Getting Past the Myths

Myth 1: I Can't Work

My doctor or other important people in my life have told me that I cannot work. They say it is too stressful and may make my condition worse.

Your disability may impact the kinds of jobs you can do and the number of hours you’re able to work. However, many people with disabilities are finding that with good, thoughtful preparation and support, they are able to succeed at jobs that are satisfying and meaningful to them. It is common to have fears about your ability to work. You may be nervous about leaving your house, finding transportation to and from work, having new work-related expenses, and handling your new work schedule. It is normal to have these concerns, but there are many resources and laws that will support you.

Americans with Disabilities Act (ADA)

The Americans with Disabilities Act (ADA) is a civil rights law that makes it illegal for employers to discriminate against people with disabilities if they are qualified for a job. This includes all areas of employment, such as interviewing, hiring, firing, training, promotions, and benefits. Often, with reasonable accommodations you can be successful at more jobs than you may have thought possible. Employers are required by law to offer reasonable accommodations, so that you can do your job. These accommodations will be different from person to person, depending on each person’s needs and job setting. Read more about the ADA and reasonable accommodations in the DB101 article on Job Supports and Accommodations.

Vocation Rehabilitation (VR)

Vocational Rehabilitation (VR) can help you prepare for, find, and keep work. The services will be different from person to person, depending on each person’s needs. VR will work with you to figure out which services you will need. You and a VR counselor will develop a plan to help you reach your work goals. VR is an example of an agency where you can use your Ticket to Work. To apply for services, call or visit a VR counselor at your local VR office.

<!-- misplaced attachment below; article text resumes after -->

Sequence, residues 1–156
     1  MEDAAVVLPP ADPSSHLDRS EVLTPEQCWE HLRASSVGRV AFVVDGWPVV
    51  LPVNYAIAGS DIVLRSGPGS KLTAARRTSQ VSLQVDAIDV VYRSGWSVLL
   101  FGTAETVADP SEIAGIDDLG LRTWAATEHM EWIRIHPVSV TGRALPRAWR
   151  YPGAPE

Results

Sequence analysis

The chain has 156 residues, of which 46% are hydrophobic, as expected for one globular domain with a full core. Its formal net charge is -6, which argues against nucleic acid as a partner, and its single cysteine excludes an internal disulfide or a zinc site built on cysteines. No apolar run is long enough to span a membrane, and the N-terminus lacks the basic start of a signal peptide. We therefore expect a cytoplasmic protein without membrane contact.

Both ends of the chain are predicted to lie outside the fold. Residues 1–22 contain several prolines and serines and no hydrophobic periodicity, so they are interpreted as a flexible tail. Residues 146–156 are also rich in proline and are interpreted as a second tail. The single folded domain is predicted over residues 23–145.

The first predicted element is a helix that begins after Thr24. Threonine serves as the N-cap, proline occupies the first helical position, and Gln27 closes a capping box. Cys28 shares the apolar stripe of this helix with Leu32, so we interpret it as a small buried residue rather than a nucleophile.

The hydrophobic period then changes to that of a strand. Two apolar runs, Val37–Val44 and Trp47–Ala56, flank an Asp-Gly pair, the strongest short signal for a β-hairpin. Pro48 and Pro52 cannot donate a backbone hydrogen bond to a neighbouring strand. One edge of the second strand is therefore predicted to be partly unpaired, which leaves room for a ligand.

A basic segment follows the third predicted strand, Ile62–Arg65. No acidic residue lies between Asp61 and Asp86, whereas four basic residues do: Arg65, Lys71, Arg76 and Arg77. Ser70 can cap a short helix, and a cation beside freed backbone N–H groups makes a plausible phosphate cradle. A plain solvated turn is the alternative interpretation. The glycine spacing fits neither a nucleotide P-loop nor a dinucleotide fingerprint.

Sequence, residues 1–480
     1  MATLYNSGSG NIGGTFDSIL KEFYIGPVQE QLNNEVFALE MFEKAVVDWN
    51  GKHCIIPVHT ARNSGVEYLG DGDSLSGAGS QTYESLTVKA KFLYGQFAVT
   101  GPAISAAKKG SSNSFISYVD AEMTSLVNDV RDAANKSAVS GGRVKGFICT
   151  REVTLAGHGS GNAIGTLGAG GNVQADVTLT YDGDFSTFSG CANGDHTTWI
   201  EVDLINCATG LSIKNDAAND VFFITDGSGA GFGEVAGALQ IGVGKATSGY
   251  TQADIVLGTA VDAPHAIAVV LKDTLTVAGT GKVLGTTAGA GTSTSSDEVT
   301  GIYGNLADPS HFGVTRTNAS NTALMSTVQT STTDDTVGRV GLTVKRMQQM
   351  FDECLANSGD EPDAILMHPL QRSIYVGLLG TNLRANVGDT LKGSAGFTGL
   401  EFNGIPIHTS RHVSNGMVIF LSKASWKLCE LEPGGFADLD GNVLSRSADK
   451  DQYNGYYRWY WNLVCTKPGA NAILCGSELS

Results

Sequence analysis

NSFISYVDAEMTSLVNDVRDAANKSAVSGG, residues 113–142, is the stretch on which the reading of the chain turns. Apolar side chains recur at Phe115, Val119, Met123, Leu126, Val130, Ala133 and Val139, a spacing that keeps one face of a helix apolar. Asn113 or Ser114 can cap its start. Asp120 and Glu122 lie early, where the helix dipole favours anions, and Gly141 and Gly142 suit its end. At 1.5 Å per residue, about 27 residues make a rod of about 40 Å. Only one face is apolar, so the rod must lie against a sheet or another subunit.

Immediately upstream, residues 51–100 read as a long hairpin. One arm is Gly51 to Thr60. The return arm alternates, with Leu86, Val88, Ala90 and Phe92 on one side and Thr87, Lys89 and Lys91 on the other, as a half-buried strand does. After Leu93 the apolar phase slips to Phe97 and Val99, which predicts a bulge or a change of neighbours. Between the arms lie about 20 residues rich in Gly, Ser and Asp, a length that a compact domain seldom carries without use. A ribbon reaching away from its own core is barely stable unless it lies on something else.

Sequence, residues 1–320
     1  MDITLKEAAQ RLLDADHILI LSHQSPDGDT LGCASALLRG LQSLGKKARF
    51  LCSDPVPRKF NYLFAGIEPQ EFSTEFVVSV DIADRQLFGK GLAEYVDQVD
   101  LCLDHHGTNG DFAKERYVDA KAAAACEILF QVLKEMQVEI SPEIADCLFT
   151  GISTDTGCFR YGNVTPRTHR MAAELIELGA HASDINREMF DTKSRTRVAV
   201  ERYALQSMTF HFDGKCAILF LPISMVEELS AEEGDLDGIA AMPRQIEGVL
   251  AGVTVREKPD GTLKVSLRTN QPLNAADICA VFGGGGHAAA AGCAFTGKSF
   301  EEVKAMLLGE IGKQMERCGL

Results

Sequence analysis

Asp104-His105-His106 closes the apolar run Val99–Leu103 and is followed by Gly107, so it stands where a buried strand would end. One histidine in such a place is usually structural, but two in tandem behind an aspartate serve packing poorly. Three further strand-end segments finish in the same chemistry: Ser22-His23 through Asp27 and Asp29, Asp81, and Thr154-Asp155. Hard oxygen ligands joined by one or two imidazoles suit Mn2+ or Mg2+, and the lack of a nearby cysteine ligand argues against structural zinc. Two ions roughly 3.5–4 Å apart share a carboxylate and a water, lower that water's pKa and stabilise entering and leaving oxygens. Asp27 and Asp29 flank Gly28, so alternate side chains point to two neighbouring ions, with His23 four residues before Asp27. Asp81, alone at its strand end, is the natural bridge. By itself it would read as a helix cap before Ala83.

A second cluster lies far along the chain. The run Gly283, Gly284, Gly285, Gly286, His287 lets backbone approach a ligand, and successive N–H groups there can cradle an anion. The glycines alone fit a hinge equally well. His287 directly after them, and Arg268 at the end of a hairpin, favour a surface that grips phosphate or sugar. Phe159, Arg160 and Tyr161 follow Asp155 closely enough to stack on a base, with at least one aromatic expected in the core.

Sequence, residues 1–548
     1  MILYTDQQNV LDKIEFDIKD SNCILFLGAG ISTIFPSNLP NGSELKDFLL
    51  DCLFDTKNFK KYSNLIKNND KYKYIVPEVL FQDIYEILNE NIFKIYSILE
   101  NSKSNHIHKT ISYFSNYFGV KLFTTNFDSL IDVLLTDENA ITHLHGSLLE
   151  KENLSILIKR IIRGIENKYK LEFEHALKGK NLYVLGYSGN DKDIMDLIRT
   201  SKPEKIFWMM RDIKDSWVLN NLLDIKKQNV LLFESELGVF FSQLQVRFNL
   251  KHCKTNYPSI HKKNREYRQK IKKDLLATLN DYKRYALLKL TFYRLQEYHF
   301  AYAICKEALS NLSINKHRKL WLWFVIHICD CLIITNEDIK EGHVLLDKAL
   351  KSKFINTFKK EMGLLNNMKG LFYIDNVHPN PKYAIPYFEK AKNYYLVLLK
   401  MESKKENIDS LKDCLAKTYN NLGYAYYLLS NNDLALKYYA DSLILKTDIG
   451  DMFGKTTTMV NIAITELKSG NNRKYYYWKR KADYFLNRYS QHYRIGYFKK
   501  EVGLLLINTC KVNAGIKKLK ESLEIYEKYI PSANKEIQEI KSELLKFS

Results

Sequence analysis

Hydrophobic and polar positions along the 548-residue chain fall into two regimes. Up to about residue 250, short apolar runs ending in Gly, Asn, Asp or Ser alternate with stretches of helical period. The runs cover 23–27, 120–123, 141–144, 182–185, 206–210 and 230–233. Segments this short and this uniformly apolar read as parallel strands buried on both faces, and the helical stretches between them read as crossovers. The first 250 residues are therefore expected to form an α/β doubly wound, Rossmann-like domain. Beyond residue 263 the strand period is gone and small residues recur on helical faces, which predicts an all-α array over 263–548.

Job Coach

A job coach is a person who offers specialized on-site training to help you with learning and performing your job and adjusting to the work environment. A job coach can help you with work-related concerns, such as how to talk to your boss about questions you have on the job and what accommodations you may need. You might have a job coach through your Ticket to Work program, Vocational Rehabilitation, or through another agency.

Disability Disclosure

People with disabilities often wonder if they should tell their potential employers about their disability. And, if they decide to do so, should they disclose their disability during the interview, when they get a job offer, or after they have been hired. According to the Americans with Disabilities Act (ADA), the only time you have to disclose your disability is if you need to request a reasonable accommodation from your employer to perform an essential function of your job. However, there are other reasons you may want, or not want, to disclose your disability. This decision will vary from person to person and from situation to situation.

You may not have the option to not disclose your disability. For example, you may need to ask if the interview location is accessible or you may need an interpreter for the interview. If that’s the case, you will need to carefully write a disclosure statement to the employer. Remember to focus on your abilities, not your disabilities.

For more information about disclosing your disability, read the DB101 article on Job Supports and Accommodations or check out the Job Accommodation Network (JAN).

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